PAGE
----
The run-up to the Ides of March in Pakistan has been characterized by numerous horrific bombings, credit for which has been claimed by the Tehrik-i Taliban Pakistan (TTP) or Taliban Movement of Pakistan. After a string of bombings in Lahore on Friday, on Saturday morning, a suicide bomber detonated his payload at a checkpoint station outside the city of Mingora in Swat, killing 10 persons, including two members of the security forces. Last summer, the Pakistani military expelled the Pakistani Taliban from Swat, before moving on to attack their bases and safe houses (or safe caves) in South Waziristan.
On Friday, bombing attacks on a military cantonment and on Iqbal Town and Samnabad in Lahore left 50-60 persons dead and 120 wounded. Some of the attacks targeted the Pakistani military, but the deadly bombing of a market inflicted severe damage on innocent civilians.
The Pakistani Taliban mostly hail from the Pashtun ethnic group in Pakistan’s northwest, though they do have some tiny fringe Punjabi associates, such as the Lashkar-i Tayyiba. Their attempt to impress on the Pakistani military and public that they are still capable of fighting back through such bombings of soft targets will likely backfire in a major way. As long as the TTP was primarily attacking NATO and US troops or the Afghan National Army across the border in Afghanistan, the Pakistani military and public could largely ignore them, or even configure them as a generally anti-imperialist force that admittedly was a little extreme.
But if they are going to blow up Lahore, the capital of Punjab Province, the TTP is going to have to be finished off. Punjabis are 55 percent of Pakistan, and the wealthiest and most powerful part. They are 80% of the army. Now, editorials are widely and bitterly complaining that the government has not dismantled the ‘infrastructure of hate.’ Some Karachi observers are calling on Punjabis to wake up to the threat. The subtext here is that Punjabi officers and politicians in the 1980s and 1990s fostered the Mujahidin and then the Taliban and small terrorist groups in hopes of using them to push the Soviets out of Afghanistan and the Indians out of Kashmir. But relationships change, and Punjabis are in fact likely to wake up.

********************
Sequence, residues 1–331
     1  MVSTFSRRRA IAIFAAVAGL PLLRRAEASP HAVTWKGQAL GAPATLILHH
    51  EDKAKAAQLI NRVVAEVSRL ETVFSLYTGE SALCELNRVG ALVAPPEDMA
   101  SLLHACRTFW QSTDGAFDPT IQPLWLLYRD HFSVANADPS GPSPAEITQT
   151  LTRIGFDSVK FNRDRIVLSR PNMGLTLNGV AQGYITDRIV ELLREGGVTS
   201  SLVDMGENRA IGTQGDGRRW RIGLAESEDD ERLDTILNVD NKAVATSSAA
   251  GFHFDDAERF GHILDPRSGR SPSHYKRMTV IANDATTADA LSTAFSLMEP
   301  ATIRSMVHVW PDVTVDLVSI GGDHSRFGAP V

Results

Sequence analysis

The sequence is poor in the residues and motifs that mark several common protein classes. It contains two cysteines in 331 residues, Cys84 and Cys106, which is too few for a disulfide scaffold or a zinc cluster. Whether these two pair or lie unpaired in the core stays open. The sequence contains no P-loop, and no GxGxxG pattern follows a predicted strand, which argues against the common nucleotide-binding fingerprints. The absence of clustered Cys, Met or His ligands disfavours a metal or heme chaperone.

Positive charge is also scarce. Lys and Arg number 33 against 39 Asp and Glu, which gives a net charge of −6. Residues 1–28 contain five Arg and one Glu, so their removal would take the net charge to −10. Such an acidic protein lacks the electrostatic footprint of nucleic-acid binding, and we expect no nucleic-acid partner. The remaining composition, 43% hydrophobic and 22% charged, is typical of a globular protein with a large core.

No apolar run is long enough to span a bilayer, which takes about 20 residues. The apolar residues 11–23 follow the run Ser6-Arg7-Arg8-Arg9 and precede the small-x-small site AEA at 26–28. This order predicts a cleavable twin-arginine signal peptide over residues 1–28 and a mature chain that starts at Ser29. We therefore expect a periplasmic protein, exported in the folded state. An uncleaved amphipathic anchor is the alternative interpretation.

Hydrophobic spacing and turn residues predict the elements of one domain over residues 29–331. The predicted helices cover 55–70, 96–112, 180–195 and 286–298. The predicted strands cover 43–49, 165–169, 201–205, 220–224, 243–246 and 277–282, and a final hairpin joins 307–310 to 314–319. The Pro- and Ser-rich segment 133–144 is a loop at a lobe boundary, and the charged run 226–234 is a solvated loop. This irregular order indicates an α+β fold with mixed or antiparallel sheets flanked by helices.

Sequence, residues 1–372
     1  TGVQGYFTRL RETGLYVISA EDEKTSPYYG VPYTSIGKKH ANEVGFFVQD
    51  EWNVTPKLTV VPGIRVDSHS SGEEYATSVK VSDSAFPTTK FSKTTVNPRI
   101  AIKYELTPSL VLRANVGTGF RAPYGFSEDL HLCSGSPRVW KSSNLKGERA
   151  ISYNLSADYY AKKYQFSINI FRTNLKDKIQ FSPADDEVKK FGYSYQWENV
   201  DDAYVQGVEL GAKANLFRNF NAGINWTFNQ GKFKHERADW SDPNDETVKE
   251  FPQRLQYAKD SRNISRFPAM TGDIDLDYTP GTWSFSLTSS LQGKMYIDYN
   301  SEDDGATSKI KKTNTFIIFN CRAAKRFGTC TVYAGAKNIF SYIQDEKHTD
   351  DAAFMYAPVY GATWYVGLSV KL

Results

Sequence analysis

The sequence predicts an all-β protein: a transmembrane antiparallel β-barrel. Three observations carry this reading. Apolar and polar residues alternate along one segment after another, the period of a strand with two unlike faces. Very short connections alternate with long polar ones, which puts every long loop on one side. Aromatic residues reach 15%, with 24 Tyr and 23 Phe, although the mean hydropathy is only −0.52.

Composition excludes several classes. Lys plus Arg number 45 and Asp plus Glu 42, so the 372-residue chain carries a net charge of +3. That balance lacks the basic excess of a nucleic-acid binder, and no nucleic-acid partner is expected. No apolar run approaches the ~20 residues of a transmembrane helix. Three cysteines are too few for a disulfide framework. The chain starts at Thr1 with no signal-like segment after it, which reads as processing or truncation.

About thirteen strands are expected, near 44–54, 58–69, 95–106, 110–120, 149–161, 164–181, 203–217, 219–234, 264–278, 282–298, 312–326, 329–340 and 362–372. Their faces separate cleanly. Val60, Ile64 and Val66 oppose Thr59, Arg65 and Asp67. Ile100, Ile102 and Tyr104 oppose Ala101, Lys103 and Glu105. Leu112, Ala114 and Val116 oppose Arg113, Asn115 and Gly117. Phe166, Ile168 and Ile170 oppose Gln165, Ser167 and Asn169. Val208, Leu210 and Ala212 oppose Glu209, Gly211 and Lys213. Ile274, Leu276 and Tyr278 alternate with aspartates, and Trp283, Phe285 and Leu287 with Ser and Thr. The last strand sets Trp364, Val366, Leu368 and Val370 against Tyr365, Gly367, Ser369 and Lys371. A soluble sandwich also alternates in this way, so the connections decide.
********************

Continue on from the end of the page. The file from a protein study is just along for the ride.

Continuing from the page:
I would make an analogy to al-Qaeda in the Arabian Peninsula, which launched a massive bombing campaign inside Saudi Arabia 2003-2006, causing the Saudi security and intelligence forces to take them seriously as an internal threat and to institute a thoroughgoing crackdown on them that largely succeeded inside the kingdom. Before it was Riyadh and Jidda that were being bombed, the Saudis seemed to see radical terrorism as someone else’s problem, however regrettable. After that the kingdom suddenly became much more integrated into the war on terrorism.
In the same way, this week’s bombings in Pakistan are likely to stiffen the resolve of the Pakistani elite to wipe out the TTP and the Afghan Old Taliban of Mulla Omar. It has already captured about half of the Quetta Shura or the Old Taliban shadow government based formerly in Quetta but increasingly now in Karachi (where they appear lately to have been assassinating rival Sunni clerics)
Guerrilla movements win by winning hearts and minds over time and successfully positioning themselves as the true champions of national or communal interests. The Pakistani Taliban are just flailing around making themselves more and more hated, and that by the most powerful ethnic group in the country.
If I am right, the Obama administration is continuing to benefit in its own attack on the Taliban and al-Qaeda from the stupidity of the latter two, insofar as they are alienating the Pakistani public, which had earlier been somewhat sympathetic to them.
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